Tuesday 6
Systemic Integrated Resilience and Adaptation Planning
Ariella Helfgott, Joost Vervoort, Meghan Bailey
› 11:35 - 12:30 (55min)
› JOFFRE 1-1
Adaptable scope: scenarios to guide diverse decision pathways in multi-level, multi-actor social-ecological systems
Joost Vervoort  1@  , Philip Thornton, Polly Ericksen, Patti Kristjanson, Christine Jost, Ariella Helfgott  2@  , Mario Herrero, Amanda Palazzo, Wiebke Foerch, Kasper Kok, Daniel Mason-D'croz, Petr Havlik@
1 : University of Oxford (UK)  (Oxford)  -  Website
2 : Environmental Change Institute, University of Oxford  (ECI)  -  Website
Environmental Change Institute School of Geography and the Environment South Parks Road Oxford -  Royaume-Uni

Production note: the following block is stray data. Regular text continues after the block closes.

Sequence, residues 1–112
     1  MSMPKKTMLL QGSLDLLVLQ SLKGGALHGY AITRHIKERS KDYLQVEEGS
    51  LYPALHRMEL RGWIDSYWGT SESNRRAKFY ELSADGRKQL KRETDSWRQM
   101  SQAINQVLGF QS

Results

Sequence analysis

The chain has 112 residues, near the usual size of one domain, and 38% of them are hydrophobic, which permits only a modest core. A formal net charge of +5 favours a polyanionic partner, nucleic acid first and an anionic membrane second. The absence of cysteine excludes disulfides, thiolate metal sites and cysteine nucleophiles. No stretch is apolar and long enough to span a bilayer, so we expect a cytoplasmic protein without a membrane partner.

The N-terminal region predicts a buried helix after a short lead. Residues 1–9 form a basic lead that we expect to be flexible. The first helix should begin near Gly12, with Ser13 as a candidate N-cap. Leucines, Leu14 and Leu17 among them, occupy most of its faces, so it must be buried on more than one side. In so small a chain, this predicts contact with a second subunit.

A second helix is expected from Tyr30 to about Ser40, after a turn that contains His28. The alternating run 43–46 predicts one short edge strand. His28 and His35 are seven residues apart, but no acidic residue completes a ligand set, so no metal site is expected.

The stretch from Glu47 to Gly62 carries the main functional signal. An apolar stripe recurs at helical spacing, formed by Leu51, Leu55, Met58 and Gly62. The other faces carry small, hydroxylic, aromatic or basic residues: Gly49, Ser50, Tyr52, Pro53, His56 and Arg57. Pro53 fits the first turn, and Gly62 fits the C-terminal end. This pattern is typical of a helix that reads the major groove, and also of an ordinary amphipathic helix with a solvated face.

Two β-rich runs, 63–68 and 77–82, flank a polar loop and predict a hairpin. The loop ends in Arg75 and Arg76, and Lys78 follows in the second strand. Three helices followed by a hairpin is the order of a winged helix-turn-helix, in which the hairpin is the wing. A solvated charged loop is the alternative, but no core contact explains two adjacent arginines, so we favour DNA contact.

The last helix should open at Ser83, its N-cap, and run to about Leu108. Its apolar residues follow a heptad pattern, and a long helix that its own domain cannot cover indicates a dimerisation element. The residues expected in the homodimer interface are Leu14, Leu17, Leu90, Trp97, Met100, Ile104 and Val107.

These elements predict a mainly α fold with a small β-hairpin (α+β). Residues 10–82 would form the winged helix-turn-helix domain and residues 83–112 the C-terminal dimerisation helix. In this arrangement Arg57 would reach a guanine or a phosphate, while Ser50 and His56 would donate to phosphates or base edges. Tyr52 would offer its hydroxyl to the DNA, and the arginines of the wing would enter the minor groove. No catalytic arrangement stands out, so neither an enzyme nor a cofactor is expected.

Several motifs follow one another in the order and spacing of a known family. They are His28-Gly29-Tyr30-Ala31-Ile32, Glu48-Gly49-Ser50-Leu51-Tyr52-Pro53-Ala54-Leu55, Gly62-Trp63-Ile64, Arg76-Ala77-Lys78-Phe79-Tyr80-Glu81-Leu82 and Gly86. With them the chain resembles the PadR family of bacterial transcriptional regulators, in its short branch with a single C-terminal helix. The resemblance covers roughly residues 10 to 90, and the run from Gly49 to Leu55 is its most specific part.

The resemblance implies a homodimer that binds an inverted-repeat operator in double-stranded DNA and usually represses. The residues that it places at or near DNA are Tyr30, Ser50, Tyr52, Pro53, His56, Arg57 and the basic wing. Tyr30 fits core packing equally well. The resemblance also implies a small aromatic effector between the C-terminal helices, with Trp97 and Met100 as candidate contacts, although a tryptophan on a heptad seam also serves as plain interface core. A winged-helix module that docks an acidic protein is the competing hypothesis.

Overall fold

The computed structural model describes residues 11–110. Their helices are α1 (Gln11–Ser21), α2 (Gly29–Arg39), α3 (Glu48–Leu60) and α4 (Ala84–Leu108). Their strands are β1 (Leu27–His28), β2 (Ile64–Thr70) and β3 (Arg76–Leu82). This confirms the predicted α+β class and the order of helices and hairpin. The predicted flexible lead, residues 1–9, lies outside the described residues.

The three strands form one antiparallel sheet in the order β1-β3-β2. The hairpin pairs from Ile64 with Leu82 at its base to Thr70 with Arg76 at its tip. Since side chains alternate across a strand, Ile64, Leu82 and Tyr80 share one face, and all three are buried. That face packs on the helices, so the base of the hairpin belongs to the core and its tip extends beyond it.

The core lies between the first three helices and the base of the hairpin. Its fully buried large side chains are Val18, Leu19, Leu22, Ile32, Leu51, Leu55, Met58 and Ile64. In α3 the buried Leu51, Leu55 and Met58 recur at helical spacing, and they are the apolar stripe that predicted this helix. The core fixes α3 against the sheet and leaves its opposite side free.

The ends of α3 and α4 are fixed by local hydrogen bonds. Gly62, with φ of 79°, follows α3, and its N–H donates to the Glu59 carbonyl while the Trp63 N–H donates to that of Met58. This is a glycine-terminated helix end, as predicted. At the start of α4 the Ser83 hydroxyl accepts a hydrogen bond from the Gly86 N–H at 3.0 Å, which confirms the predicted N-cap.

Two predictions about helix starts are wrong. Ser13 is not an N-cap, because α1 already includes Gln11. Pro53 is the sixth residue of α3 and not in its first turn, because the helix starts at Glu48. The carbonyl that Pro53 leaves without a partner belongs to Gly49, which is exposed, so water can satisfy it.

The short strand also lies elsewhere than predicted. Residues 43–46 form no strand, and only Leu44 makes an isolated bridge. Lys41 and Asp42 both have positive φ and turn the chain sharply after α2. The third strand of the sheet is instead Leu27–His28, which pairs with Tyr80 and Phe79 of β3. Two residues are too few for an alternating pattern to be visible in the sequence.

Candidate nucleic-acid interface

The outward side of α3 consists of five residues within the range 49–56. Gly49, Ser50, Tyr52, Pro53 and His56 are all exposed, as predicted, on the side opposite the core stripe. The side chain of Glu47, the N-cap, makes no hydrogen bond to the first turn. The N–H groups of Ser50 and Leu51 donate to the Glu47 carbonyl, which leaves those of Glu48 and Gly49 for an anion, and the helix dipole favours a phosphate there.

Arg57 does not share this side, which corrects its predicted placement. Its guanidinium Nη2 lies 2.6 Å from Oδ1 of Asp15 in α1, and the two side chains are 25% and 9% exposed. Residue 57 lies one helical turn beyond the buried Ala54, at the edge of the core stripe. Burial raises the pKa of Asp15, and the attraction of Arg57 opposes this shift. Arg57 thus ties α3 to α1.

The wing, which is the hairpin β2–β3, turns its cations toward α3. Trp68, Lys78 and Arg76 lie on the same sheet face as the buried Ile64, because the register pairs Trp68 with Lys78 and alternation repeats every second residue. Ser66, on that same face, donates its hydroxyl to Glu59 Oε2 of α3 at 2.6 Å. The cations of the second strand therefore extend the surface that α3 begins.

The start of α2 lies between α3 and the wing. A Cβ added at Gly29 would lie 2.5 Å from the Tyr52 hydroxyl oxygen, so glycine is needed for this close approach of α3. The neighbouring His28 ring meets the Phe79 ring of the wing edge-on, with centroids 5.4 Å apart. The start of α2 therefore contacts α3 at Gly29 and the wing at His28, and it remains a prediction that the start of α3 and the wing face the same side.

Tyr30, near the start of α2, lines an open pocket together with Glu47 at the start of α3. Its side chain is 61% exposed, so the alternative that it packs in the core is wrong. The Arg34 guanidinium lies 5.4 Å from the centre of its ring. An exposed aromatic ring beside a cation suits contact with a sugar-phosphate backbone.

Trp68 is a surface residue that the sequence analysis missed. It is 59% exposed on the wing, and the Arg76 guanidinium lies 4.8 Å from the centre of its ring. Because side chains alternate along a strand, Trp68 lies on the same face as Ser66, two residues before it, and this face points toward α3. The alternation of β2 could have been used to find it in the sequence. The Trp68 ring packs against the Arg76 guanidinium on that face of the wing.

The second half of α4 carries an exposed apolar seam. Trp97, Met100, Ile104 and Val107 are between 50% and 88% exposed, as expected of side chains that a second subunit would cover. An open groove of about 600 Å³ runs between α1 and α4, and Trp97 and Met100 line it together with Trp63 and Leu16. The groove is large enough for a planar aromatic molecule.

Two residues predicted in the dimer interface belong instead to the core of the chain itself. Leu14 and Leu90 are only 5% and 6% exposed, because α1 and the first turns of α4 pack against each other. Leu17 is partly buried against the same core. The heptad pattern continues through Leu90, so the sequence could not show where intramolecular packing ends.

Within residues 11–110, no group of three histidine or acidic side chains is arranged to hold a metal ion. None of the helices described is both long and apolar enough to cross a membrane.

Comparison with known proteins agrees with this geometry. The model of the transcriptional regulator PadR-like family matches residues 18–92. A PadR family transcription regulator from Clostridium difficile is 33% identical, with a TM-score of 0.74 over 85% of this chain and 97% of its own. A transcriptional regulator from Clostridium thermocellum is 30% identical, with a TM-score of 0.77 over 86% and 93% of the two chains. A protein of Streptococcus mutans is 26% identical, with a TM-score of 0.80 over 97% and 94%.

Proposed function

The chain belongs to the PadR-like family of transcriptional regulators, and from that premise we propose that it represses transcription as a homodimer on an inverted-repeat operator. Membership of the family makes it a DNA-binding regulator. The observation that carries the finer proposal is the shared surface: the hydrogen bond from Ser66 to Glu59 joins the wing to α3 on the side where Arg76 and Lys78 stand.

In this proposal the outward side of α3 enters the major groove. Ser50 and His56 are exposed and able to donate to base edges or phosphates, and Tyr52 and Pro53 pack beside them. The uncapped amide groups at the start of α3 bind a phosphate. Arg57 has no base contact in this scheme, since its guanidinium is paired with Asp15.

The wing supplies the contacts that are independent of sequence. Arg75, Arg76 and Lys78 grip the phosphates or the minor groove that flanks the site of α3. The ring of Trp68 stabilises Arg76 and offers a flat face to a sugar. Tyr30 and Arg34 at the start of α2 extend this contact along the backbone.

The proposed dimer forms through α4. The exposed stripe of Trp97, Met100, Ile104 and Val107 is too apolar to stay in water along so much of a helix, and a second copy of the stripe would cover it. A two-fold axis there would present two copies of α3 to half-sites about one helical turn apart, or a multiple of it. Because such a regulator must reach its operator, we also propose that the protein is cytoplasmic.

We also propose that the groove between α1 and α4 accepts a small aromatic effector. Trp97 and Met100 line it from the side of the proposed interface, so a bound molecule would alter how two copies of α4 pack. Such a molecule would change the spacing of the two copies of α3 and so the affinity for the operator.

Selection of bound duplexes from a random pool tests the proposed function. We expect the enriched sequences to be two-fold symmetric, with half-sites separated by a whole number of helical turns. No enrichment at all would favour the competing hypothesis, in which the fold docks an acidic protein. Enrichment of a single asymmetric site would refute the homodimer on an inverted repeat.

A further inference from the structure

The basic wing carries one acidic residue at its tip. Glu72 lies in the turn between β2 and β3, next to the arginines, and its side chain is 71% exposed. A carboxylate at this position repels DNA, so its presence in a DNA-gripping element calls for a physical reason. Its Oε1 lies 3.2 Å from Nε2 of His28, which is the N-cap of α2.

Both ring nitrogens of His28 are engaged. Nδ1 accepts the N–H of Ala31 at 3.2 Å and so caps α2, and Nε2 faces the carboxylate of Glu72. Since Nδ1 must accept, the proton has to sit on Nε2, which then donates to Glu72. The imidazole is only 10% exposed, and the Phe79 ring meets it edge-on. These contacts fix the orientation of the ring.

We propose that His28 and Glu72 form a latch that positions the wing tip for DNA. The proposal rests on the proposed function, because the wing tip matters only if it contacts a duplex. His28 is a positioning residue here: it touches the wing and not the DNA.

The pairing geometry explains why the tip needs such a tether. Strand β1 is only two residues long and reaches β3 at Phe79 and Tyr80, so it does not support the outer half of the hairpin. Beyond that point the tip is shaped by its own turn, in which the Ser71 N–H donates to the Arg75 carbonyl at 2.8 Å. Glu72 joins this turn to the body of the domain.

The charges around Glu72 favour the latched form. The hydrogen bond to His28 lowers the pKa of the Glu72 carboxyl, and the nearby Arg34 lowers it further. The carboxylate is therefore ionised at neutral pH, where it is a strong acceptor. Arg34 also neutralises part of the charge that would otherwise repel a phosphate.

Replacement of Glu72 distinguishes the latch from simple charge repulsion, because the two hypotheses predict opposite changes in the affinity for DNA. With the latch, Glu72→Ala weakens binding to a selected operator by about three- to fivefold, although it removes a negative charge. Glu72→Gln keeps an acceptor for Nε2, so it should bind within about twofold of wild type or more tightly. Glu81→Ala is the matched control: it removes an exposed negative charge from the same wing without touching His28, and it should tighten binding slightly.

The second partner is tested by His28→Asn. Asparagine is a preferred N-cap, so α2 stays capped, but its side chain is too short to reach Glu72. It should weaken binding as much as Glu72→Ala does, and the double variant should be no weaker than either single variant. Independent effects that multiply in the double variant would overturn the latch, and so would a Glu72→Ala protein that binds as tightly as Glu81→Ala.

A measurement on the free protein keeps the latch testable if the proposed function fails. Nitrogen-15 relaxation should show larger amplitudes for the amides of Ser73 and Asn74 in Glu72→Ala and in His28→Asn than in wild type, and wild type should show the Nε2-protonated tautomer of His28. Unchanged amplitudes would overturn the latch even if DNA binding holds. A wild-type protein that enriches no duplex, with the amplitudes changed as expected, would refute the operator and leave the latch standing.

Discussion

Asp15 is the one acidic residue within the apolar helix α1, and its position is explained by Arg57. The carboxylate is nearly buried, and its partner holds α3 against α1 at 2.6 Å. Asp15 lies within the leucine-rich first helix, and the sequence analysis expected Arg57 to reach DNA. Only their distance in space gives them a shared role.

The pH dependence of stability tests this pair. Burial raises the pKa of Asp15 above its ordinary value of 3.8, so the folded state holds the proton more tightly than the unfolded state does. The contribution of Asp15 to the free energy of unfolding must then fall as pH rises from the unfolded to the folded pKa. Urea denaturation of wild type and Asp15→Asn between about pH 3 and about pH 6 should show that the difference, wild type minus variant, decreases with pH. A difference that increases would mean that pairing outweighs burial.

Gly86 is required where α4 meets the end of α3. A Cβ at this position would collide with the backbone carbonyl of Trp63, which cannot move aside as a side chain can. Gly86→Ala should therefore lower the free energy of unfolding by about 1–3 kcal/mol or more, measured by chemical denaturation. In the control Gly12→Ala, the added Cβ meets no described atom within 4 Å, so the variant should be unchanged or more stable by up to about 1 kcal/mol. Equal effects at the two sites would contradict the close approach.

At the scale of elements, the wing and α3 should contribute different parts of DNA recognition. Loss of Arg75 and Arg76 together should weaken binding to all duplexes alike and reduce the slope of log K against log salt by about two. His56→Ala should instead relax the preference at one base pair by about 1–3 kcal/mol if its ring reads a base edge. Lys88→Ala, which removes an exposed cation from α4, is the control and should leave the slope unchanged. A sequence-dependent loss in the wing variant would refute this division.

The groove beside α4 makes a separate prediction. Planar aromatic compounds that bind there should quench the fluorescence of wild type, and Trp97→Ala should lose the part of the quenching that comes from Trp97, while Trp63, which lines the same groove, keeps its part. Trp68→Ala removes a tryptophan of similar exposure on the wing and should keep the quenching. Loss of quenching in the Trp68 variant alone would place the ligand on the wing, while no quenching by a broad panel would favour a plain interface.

Asking “adaptation to what?” - understanding the context for adaptation - is essential for decision-making that aims to increase adaptive capacity in social-ecological systems. The approach of using multiple plausible scenarios can be used as a tool to help decision-makers scope out future uncertainties that may challenge adaptive capacity. However, when scenarios are developed with and for a wide range of actors across system dimensions and levels, the question of what the relevant scope for such scenarios should be becomes challenging. We present the results from scenarios development and use processes by the CGIAR programme on Climate Change, Agriculture and Food Security in the context of adaptation to climate and socio-economic change in five global regions: East Africa, West Africa, South Asia, Southeast Asia and Latin America.We have applied a combination of explorative qualitative/quantitative multi-stakeholder scenarios development (to explore contexts for adaptation) and normative back-casting (to generate adaptation pathways) with stakeholders from different sectors and at different system levels.Two strategies were used: 1) a centralized strategy of bringing a range of actors together at the regional level to explore new collaborative actions for improved adaptive capacity and 2) the application of scenarios to the guidance of specific existing decision pathways (policies, investments). The strengths and drawbacks of both strategies will be discussed. For the second approach, scenarios were adapted by different actor groups to ensure their salience in specific decision contexts, for instance in various sectors or at the national to local level.We will focus on the example of adapting scenarios to provide a relevant scope for national to local decision-making on increasing adaptive capacity in the Systemic Integrated Adaptation program presented in the “Systemic Integrated Resilience and Adaptation Planning” panel. We will include a participatory element to experiment with the presented method.

 


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